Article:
Ovarian Cancer Community
SMALL CELL OVARIAN CANCER
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This patient support community is for discussions relating to ovarian cancer, biopsy, chemotherapy, clinical trials, genetics, hysterectomy, immunotherapy, radiation therapy, screening, and staging.

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SMALL CELL OVARIAN CANCER

My 20 year old daughter has recently had a 8x6 inch  small cell tumour removed from her ovary, .  Please e-mail me, if anyone has any advice or information about small cell ovarian cancer, and maybe the treatment they are on that may give some hope to beat this terrible disease.  My e-mail is wild_poppy_uk***@****  Please head the e-mail with small cell ovarian cancer or i might delete if i don't recognise the name.  Thankyou so much. TKH1
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1242509_tn?1279124464
Small cell ovarian cancer I believe fall under the catagory of Borderline ovarian tumors, and depending on what the pathology report says will depend on the course of treatment. Removal of the mass and staging is done just as if they would do for any of the ovarian cancers. You should find out if they did a mitotic rate index on the path report. A high mitotic rate can mean a more agressive form . But I also believe these cancers have a high rate of long term survival. You should get copies of all reports and discuss in depth with your GYN/Oncologist>
I wish you al the best
Kevin
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Avatar_m_tn
Dear Friend: My daughter was 25 when she had a cantelope sized tumor removed that turned out to be small cell ovarian cancer of the hypercalcemic type.  It took three weeks to confirm the findings and chemo began about a week afterward.  The chemo sessions lasted about 18 weeks followed by targeted radiation treatments for about 12 weeks.  The targeted radiation was an attempt to preserve fertility.  After treatments there were no signs of the cancer from blood tests and tests from an abdominal cavity wash.  My daughter returned to her regular life and within 60 days symptoms recurred and the tumors had spread to her lungs, liver and kidney area. Our battle came to a sad ending 4 weeks ago, 13 months after diagnosis. Her cancer was stage 1C when the tumor was removed.  Even though the survival rate of this cancer is grim we believe an earlier diagnosis and more intense radiation treatment without trying to preserve fertility could have made a difference.  Also, we think a longer radiation treatment could have killed the microscopic cells lingering after the first round of treatments. Regardless, this is a very agressive form of cancer and requires an agressive attack plan...don't let up even if it looks like it's under control.  As you probably have already found out there is not much info. regarding this specific cancer...as a result of my daughters experience we are preparing to change that and develope a resource for people facing this cancer.  As time goes on hopefully awareness and treatments for this cancer will give our young women in their prime a better chance of detection and survial.  You are in my prayers and I will help however I can.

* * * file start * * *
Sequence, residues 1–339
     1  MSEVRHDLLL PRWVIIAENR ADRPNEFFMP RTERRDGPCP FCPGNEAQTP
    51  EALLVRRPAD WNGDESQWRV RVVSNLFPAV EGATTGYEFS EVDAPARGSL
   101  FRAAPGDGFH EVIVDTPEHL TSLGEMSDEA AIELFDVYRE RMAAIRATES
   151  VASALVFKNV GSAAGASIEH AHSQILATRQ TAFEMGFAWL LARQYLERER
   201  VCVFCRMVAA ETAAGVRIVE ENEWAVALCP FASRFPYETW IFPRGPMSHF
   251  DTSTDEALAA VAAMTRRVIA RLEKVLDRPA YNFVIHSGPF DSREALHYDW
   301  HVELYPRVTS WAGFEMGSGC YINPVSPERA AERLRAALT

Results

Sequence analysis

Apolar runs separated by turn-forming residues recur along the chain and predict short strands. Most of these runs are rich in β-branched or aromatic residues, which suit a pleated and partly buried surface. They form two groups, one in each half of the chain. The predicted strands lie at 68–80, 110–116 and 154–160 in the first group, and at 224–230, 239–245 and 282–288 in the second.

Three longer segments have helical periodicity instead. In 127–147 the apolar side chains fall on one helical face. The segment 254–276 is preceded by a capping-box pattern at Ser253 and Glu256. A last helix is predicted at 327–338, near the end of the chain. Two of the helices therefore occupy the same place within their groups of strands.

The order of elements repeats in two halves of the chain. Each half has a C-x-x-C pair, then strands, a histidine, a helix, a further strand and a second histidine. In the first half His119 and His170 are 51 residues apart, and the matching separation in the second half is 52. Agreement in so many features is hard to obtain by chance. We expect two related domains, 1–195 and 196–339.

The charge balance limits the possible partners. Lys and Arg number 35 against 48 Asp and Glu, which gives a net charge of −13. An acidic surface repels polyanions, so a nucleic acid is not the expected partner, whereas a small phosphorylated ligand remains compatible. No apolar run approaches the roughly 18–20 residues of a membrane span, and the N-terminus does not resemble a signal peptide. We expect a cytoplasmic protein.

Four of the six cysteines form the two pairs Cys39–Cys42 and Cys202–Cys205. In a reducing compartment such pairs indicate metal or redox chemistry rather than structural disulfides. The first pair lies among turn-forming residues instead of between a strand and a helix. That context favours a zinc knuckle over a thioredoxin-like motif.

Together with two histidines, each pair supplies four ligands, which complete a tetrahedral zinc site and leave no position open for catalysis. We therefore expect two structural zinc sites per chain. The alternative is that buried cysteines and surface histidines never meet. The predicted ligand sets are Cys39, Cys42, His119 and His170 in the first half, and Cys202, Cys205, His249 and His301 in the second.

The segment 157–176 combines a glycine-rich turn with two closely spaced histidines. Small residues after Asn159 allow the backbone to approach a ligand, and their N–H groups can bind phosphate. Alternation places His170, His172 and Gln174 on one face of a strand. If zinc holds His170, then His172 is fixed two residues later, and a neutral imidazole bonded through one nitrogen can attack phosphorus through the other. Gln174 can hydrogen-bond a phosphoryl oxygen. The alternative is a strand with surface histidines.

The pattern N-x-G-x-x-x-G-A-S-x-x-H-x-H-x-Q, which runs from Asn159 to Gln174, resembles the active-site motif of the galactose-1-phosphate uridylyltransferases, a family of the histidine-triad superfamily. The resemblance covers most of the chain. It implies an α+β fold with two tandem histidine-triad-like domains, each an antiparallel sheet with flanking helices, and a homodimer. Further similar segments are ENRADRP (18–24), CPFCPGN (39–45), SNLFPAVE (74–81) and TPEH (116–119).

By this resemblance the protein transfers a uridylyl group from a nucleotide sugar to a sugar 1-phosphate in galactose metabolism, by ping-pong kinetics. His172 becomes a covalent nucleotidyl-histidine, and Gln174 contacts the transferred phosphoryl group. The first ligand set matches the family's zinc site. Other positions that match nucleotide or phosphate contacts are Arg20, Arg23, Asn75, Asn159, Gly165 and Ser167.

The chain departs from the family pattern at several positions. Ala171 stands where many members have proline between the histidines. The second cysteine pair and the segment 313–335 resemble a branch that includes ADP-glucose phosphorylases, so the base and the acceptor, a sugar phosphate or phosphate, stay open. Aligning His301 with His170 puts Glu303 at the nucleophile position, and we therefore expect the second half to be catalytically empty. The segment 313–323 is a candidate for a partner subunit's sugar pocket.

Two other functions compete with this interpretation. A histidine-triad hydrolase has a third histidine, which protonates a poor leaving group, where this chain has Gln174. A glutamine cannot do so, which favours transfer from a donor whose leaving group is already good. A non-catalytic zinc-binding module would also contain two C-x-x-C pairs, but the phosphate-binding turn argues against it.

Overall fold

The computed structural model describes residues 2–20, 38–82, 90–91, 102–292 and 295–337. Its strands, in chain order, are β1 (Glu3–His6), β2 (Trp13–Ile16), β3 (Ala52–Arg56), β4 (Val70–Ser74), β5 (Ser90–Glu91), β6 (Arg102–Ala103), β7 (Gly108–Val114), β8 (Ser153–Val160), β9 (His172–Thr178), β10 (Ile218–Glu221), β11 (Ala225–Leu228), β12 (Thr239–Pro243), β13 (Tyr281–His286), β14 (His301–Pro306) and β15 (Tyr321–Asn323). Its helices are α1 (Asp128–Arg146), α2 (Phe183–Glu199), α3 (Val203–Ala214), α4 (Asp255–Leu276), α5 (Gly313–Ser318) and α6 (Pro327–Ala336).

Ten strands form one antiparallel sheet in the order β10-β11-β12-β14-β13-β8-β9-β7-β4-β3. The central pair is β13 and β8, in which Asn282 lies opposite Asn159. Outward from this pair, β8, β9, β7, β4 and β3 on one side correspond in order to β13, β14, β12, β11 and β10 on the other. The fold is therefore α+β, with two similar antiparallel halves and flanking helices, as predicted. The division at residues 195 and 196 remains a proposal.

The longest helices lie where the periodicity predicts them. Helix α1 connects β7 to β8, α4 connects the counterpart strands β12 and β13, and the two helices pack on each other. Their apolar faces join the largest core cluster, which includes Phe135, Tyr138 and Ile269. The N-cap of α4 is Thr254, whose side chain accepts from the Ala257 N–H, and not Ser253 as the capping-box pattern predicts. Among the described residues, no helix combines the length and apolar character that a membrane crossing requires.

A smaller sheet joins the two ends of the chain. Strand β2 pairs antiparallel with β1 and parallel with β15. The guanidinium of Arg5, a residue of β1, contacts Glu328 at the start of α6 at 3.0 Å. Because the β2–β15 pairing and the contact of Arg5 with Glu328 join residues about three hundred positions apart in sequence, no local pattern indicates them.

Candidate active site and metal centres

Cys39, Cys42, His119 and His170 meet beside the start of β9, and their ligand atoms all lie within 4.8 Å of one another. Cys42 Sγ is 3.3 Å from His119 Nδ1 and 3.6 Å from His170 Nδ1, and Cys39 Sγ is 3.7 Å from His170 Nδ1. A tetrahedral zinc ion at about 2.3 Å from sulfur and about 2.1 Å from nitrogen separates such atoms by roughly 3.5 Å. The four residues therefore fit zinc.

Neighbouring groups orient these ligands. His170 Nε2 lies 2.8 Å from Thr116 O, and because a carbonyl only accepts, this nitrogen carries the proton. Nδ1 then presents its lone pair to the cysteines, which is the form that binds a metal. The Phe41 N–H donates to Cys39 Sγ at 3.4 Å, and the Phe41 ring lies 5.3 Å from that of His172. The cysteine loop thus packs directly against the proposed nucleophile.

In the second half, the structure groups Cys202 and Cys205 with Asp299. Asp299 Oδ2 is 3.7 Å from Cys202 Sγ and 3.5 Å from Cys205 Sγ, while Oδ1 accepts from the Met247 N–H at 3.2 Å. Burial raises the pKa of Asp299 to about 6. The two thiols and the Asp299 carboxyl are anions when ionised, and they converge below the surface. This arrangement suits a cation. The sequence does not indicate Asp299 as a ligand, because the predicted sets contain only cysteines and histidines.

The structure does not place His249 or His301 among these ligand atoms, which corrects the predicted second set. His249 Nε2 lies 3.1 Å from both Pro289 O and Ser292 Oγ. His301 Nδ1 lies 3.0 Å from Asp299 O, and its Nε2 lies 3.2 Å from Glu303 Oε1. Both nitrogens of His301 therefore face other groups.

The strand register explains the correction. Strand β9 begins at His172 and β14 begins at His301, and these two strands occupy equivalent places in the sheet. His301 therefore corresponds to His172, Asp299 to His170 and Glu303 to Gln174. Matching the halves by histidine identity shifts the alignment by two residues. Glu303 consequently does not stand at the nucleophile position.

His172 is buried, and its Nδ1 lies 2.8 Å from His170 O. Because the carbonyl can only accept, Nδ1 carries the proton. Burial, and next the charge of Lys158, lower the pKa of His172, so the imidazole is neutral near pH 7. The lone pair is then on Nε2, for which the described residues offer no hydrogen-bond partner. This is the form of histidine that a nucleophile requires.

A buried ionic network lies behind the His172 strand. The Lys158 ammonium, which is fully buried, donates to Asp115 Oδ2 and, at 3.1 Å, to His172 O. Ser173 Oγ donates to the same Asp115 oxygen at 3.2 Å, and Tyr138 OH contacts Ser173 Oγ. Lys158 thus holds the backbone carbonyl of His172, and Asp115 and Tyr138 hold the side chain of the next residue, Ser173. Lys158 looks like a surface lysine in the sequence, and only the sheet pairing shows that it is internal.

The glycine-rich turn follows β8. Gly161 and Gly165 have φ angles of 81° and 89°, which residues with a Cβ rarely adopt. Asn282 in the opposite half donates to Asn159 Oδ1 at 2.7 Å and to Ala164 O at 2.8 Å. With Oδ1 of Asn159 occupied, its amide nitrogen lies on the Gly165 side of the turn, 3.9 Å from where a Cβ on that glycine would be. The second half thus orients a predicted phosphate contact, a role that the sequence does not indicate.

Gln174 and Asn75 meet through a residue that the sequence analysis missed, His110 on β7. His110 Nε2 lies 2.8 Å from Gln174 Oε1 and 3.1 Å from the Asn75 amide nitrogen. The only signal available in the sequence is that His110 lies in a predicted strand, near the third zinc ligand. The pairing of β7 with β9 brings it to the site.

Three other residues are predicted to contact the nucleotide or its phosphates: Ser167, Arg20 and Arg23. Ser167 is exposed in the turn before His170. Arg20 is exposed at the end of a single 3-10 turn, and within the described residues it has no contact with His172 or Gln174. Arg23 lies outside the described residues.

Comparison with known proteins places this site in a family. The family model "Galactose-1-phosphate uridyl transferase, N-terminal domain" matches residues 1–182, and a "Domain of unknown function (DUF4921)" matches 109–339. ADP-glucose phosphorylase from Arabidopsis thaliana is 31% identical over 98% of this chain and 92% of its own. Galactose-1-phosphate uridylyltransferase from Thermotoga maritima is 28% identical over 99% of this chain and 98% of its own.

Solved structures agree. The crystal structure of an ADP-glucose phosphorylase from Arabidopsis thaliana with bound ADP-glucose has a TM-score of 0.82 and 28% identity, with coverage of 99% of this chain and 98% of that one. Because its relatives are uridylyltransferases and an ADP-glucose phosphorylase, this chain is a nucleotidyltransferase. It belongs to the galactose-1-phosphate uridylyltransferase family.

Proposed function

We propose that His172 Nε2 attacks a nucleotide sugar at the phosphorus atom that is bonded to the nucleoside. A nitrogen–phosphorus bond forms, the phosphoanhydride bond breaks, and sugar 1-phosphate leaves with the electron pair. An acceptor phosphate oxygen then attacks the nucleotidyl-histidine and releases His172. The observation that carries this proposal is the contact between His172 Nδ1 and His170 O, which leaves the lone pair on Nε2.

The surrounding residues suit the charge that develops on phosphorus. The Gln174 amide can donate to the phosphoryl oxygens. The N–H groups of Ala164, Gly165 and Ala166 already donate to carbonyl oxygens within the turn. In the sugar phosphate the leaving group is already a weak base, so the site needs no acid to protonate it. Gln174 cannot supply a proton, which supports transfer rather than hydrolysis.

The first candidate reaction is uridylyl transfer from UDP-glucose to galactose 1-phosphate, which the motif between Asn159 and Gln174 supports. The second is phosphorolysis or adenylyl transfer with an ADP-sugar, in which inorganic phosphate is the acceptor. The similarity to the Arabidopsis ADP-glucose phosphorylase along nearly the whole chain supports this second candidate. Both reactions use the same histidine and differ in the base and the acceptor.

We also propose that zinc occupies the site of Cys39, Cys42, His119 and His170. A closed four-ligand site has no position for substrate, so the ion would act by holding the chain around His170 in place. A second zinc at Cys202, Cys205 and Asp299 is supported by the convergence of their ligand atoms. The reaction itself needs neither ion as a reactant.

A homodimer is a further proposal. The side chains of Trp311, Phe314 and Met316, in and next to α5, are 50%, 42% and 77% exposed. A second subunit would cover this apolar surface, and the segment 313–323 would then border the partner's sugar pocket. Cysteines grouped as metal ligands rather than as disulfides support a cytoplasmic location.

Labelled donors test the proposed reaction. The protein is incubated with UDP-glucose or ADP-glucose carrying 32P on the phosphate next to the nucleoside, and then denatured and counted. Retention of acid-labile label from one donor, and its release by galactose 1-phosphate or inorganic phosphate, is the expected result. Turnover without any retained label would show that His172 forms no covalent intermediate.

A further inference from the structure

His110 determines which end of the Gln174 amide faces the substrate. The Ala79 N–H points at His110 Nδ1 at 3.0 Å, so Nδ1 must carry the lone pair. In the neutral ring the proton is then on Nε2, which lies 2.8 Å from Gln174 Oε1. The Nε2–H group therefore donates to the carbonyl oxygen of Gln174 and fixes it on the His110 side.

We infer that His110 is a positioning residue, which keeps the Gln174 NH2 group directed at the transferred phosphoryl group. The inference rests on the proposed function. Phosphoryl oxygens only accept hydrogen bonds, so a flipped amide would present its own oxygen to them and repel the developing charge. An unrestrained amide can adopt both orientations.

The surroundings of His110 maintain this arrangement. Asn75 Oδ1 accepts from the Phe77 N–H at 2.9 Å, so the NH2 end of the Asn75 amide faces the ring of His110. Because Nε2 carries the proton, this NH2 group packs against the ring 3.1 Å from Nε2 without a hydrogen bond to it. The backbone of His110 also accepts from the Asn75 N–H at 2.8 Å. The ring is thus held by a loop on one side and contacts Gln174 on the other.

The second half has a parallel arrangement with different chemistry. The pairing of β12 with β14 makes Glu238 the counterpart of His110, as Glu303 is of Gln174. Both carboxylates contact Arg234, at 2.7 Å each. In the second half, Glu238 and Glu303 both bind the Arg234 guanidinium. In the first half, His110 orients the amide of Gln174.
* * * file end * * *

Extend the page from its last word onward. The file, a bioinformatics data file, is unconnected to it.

Ron  










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